Let me clear this up immediately, I am not anti-player empowerment. I actually love it. It brings me a lot of joy to think about one of these star players walking into an owner’s office and telling them what’s what. And it brings me even more joy when I think about the owner having to oblige even if they don’t want to. Any personal opposition I have towards it is purely selfish. But while there are some positive effects on the surface, the good definitely comes at a cost.
Now before we go any further, allow me to not be presumptuous and explain what Hamsterdam is and who Bunny Colvin is as briefly as I can. Bunny Colvin is a character on the HBO series, “The Wire”. On the show, he basically legalized drugs in certain areas of his district. The local drug dealers referred to these areas as “Hamsterdam”. They meant Amsterdam but they didn’t know that. When the cops were explaining to the “street pharmacists” that they’d be able to do their business with impunity in designated places, they likened their decision to look the other way to the neutrality of Amsterdam during World War I. These areas were also aptly named due to drugs being legal in said country. But the youngsters unintentionally mispronounced the name of the country so here we are. All police commanders were under pressure from the Commissioner and Deputy of Operations to make a dent in Baltimore’s rampant crime problem. And while Colvin was celebrated by the higher-ups in the police department for crime reduction in the parts of the city that were unaffected by his experiment, once the secret was out he faced severe punishment and humiliation. In case you haven’t seen it or just want to relive it, here’s how he was dealt with.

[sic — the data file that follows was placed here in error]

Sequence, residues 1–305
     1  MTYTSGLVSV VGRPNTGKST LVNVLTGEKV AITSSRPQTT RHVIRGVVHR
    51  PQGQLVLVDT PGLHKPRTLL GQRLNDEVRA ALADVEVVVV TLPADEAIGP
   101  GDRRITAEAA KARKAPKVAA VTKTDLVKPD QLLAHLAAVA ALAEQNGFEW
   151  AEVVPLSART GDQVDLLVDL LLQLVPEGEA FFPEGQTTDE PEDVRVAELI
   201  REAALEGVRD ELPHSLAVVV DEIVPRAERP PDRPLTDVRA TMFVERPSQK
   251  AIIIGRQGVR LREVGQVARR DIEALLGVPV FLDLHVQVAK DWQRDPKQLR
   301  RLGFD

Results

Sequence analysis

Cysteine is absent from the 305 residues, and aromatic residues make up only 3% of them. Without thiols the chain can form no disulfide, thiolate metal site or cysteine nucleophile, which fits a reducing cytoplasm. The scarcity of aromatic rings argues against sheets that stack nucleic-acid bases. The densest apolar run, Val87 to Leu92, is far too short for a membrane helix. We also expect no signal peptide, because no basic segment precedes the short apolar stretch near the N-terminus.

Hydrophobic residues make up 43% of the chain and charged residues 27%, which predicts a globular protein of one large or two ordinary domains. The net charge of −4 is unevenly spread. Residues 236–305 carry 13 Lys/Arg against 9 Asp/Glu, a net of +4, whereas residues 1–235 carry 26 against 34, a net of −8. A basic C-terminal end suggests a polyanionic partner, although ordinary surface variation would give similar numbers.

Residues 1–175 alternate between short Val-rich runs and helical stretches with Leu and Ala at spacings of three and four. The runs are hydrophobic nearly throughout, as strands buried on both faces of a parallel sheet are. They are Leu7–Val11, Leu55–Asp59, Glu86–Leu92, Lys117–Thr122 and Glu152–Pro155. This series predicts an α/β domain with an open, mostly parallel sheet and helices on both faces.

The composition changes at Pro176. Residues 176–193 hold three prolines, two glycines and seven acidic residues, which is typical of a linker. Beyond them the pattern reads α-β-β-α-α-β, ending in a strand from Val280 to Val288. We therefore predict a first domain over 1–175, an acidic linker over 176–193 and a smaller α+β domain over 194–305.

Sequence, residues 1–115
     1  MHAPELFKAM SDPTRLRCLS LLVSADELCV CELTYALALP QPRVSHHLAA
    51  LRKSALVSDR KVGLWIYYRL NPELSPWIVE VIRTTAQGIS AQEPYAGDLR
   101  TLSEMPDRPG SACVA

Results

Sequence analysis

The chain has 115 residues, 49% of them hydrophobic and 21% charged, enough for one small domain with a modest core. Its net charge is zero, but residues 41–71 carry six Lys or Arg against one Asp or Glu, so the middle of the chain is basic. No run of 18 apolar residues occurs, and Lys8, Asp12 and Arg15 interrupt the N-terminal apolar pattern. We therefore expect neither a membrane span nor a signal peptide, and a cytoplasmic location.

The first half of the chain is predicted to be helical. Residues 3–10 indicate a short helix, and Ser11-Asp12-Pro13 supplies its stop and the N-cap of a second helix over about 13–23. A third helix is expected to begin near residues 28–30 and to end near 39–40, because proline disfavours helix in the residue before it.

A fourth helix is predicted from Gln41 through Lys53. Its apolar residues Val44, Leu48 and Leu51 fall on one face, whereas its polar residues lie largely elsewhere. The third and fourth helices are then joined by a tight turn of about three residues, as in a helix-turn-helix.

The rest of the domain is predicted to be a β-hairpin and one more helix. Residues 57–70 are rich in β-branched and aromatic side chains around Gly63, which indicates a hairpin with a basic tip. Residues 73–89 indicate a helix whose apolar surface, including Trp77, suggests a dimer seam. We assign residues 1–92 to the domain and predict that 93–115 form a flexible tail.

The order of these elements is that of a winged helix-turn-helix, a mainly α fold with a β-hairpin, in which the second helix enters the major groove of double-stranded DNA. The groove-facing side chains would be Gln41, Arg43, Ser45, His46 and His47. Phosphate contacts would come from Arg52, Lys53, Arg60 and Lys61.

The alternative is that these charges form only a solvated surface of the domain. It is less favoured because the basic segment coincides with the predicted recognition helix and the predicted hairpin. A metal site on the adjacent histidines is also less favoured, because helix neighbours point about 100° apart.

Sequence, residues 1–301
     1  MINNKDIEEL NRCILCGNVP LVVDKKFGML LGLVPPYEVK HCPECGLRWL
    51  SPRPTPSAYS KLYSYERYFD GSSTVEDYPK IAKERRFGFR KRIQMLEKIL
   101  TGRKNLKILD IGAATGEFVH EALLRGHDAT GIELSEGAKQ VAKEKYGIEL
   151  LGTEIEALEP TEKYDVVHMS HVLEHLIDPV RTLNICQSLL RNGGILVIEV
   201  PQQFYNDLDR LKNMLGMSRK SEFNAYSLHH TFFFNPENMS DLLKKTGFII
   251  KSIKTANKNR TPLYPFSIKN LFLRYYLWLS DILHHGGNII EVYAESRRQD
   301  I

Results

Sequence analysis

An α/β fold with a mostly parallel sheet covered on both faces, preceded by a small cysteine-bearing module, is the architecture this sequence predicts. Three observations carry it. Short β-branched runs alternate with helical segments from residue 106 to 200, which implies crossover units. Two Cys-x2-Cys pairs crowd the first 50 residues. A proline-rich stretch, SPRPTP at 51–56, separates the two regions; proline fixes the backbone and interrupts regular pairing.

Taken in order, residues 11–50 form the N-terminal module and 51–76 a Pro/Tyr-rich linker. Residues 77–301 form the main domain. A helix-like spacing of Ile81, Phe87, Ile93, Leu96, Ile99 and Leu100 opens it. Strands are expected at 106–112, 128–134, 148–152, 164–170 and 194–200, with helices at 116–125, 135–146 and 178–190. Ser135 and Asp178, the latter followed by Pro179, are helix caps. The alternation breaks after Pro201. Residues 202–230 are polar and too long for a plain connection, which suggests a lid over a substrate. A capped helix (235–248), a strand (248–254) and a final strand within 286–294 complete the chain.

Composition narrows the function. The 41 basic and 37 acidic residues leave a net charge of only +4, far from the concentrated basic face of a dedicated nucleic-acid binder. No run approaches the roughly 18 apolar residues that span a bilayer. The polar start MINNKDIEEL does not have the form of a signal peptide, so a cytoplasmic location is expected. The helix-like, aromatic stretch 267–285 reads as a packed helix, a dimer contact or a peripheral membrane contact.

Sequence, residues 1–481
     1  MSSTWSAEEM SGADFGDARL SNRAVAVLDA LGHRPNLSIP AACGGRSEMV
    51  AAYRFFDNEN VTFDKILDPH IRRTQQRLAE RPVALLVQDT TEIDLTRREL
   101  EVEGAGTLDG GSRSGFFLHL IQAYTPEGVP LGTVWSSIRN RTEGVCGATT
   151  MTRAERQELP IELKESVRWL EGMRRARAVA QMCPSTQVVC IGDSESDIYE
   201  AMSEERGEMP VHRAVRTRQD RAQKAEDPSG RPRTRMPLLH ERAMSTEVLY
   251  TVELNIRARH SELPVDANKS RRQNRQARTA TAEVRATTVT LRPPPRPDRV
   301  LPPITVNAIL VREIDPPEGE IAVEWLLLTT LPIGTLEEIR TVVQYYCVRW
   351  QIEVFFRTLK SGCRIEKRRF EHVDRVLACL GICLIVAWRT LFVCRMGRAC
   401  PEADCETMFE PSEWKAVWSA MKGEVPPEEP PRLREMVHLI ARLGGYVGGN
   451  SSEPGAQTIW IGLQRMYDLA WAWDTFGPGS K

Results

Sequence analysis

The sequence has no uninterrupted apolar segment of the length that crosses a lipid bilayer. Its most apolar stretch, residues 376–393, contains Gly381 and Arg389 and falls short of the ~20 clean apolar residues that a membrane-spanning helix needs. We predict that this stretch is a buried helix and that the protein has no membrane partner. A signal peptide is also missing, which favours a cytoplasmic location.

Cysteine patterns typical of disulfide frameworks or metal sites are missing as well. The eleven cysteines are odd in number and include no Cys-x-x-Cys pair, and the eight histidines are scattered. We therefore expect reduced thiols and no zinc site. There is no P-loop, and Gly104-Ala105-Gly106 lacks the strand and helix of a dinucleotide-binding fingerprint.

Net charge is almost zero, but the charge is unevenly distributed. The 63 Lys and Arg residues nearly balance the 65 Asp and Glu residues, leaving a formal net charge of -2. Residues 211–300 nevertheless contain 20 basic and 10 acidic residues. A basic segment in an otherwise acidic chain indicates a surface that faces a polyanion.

Now let me explain how this ties into LeBron James. LeBron is the architect of player movement as we know it today. I know that it’s been used as a demerit in regards to his career but that’s another discussion for another day. Today we’re going to examine how LeBron disrupted the system and the parallels between his actions and Colvin’s. Let’s look at the birth of the ideas. Major Colvin was forced to go to drastic lengths to get results because he was watching district commanders get fired on the spot for not producing the desired results. Similarly, LeBron was facing mounting pressure to win a championship and live up to the “Chosen One” billing. Colvin created Hamsterdam. LeBron created a superteam. But this wasn’t the normal way a team comes together. Three franchise guys teaming up in their prime was unheard of. Colvin’s move drew the ire of some of the men under his command. LeBron’s move drew the ire of fans, team executives, and players alike. But one thing that cannot be argued is the results.
Both endeavors got off to rocky starts. It took Colvin’s idea some time to catch on but when it did, it worked exactly as he envisioned. LeBron ran into some hiccups his first year in Miami but eventually was able to punch through the wall. When both of these ventures were good, they were great. Colvin was able to roll up to his bosses with his chest out boasting a 14% decrease in the crime rate and LeBron was able to hoist the Larry O’ Brien trophy. People questioned the ideology behind both moves but the results ultimately spoke for themselves.